The South African Insurance Association (SAIA) and NAAMSA who handle our national OEM vehicle manufacturers, recently held a breakfast conference to examine the future road ahead which will have a dramatic effect on the way that insurers are able to manage risk in the motor premium business. Mark Eybers threw down the first batch of slides showing a host of assistance systems now being installed into the latest generation of new vehicles which are complex computer applications throughout the car design with multiple control units. The well attended conference then heard from Alan Bond on the new technologies being incorporated into electric vehicles with DC Fast charge and Home Box, where in some cases, 80% of charge is restarted in some 30 minutes on the latest BMW models.

Andries Bekker went on to outline a new value proposition on vehicle damage estimators in a VDQ initiative with Theo van Schalkwyk from Santam. They have been hard at work to establish a professional body to introduce an official VDQ qualification standard as well as a grading standard for out of warranty vehicles. Santam’s flamboyant Gerhard Genis then presented his paper on big data change, the internet of things,  storage and access matters and the way that the autonomous vehicles will change the way in the industry as we know it today.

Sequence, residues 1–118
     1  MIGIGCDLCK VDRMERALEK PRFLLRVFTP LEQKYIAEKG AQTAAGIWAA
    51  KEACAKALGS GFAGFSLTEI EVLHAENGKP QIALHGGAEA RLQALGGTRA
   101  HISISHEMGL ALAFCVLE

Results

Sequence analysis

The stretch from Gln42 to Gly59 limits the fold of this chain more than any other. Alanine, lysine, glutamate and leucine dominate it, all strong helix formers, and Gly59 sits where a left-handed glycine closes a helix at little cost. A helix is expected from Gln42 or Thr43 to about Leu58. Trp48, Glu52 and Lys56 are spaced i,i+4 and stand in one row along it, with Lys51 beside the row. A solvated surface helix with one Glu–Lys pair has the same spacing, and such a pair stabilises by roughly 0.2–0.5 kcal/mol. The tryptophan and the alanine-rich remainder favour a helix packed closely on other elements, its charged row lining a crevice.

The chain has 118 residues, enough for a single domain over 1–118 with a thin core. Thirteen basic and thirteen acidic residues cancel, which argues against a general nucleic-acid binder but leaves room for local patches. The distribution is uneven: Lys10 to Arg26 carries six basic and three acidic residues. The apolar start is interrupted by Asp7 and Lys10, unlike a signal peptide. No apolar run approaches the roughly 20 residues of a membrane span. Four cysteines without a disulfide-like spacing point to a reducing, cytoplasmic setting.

Zenele Gigaba from SAIA then went on with the focused attempt to introduce agreed standards for grading of motor body work at different levels and the development of a new database of certified motor body repair centres which would be based on a list of pre-imminent auto refinishers within South Africa. The NF apprentices gave a short presentation on what previously disadvantaged panelbeaters wanted to achieve going forward. Iris Moore talked about a day in the life of an SME black owned motor body repair.

Displays outside from various OEM’s showed the complexity of new BMW electric vehicles and other innovative design trends of Alfa and Chrysler vehicles for the future.